Twilight Sparkle has immense magical power, more than most unicorns, but lacks the real training to use it effectively (since up until she was sent to Ponyville, she literally spent all of her time reading and studying magical theory, not practice.) This really comes back to bite her in the flank in "Swarm of the Century" when she casts a spell to stop the Parasprite infestation from eating all the food in town. They stop eating the food all right...they just start ripping their way through the buildings instead!
"Lesson Zero" deconstructs the Once an Episode formula a lot of shows, including this one, use. Twilight freaks out because she doesn't have a letter to send to the Princess, as there wasn't much conflict in anyone's life lately. She goes crazy and tries to create a problem for her to solve, but things get horribly out of hand.
"Applebuck Season" deconstructs The Reliable One, when Applejack tries to harvest all the apples in Sweet Apple Acres by herself, because Big Macintosh injured himself, and be there for her friends at the same time. She ends up with severe sleep deprivation, and creates several issues such as flinging Rainbow Dash into Twilight's balcony, and practically poisoning plenty of ponies. The trope is deconstructed again in "The Last Roundup". Everypony expects Applejack to win enough prize money to pay for the city hall's repairs. When she only places second or lower (but still high enough to have LOTS of ribbons) in all of the events, she is so ashamed of letting down Ponyville that she decides not to return until she's earned enough money to pay for the repairs by working on a farm in Dodge Junction.
Recess has an episode of a new boy in their school who turns out to be a Mary Sue. He's a nice kid but the others want to challenge him so he ends up doing his best but that leads to the others seeing how he's better at everything they can do. They end up hating him for it and he's sad to have to deal with the fact that to be himself he can't have friends. He tells them this, which makes them more understanding, and leaves the school.
Trapped in TV Land: in video game form in the episode "Guardians of Sunshine". When Finn and Jake transport themselves into a video game through Beemo (Who told them not to), they realize that things are not what they seem. For one thing, they lampshaded the fact that if they lose all of their lives, it would be similar to dying in real life. Also, they can only carry just a few coins in their hands and the pain they feel in the game is real as the pain they feel in real life. The enemies in the game pose a bigger threat than expected. When Finn tries to activate the special weapon Bomba, he realizes that he can't do it without his controller. When Jake tries to pull Bomba from the screen, it causes an error that takes them to their world, along with the enemies they encountered (Note: The coin Jake kept turns into a penny, meaning the game currency is not worth much in the real world). The enemies were hostile towards Beemo for imprisoning them in the video game because they long for the sunshine.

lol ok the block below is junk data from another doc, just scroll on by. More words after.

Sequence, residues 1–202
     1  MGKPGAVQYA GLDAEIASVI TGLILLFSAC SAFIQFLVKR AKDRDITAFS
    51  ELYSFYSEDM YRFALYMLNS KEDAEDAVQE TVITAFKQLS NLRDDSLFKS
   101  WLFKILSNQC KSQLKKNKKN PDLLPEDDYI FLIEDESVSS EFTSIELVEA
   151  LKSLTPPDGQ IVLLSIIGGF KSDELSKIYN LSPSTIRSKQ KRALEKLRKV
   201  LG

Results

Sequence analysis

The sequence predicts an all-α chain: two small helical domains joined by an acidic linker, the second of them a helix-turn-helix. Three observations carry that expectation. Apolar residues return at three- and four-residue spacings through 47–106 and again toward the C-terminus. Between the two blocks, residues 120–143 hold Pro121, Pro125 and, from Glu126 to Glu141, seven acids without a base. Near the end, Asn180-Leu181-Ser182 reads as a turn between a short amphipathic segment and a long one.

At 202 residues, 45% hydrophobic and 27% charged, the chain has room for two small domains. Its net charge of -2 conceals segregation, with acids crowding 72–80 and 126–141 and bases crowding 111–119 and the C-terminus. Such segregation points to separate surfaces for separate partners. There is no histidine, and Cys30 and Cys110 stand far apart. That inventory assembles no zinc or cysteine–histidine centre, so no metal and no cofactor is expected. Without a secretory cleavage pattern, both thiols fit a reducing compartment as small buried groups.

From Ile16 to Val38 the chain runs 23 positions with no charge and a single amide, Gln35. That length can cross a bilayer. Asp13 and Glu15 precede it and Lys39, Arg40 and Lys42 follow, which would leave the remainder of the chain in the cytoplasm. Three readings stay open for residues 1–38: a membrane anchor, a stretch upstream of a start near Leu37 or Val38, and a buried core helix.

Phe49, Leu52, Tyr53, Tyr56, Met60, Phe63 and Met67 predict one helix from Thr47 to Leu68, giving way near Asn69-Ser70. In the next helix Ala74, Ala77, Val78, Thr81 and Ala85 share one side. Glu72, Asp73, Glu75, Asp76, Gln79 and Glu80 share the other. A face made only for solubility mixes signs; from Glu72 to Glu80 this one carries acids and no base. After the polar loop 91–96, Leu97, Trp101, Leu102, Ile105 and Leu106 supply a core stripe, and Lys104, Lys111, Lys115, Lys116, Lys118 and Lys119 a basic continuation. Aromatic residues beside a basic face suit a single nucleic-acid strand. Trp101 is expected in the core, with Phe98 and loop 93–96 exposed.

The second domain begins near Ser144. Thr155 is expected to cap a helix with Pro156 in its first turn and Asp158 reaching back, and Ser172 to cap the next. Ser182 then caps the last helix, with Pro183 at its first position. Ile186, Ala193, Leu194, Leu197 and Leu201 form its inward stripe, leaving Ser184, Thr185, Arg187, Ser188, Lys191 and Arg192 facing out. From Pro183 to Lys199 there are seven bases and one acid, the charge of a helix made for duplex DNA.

Cloud Cuckoo Lander: The Ice King's seemingly harmlessly insane behavior actually stems from having been mentally warped by an Artifact of Doom. He used to be a normal, dignified, human antiquarian named Simon Petrikov, before being exposed to an enchanted crown. The ensuing change was slow and painful, and he was aware (and terrified) of the degradation the entire time. His insanity destroyed his relationships with his fiancee and surrogate daughter, and much of his strange actions are actually an attempt to replace them. In addition to that, it's implied that the only reason he is a largely harmless eccentric is that the mental remnants of his old self are restraining him - when this control occasionally slips, he is much moredisturbing.
Kid Hero: Finn has been fighting and killing monsters and supernatural beings since at least the age of twelve (his age when the series begins). Even though he's quite cheerful and upbeat most of the time, psychologically he's really messed up. In fact the reason he manages to stay upbeat despite the horrors he's seen is because he's very good at suppressing traumatic memories (he refers to the process as "putting them in the vault"; the fact that he does it so often that he has a term for it is a bad sign). Because he's spent so much of his life fighting and adventuring, he doesn't know much about making personal connections. His emotional immaturity and Blood Knight nature drove his girlfriend away, and his tendencies toward White Knighting are steadily getting creepier as he gets older. All he really knows how to do is punch things; life situations that require a more complex solution are beyond his ability to navigate.
That same episode also features a truly heart-wrenching deconstruction of How Can Santa Deliver All Those Toys?: trying to keep up with the increasing demands of a constantly growing and increasingly greedy world population has turned Santa's workshop into an ecosystem-killing Nightmarish Factory staffed with horribly inbred elves, the reindeer have mutated into vicious carnivores and Santa himself... well,"failing health" doesn't even begin to describe his condition.